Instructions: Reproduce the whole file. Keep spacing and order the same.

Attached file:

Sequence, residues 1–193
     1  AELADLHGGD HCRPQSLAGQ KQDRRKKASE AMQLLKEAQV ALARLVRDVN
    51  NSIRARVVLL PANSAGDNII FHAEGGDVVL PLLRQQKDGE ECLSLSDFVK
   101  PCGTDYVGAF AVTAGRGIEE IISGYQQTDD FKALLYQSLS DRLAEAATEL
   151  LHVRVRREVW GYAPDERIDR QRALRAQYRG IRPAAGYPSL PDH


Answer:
Sequence, residues 1–193
     1  AELADLHGGD HCRPQSLAGQ KQDRRKKASE AMQLLKEAQV ALARLVRDVN
    51  NSIRARVVLL PANSAGDNII FHAEGGDVVL PLLRQQKDGE ECLSLSDFVK
   101  PCGTDYVGAF AVTAGRGIEE IISGYQQTDD FKALLYQSLS DRLAEAATEL
   151  LHVRVRREVW GYAPDERIDR QRALRAQYRG IRPAAGYPSL PDH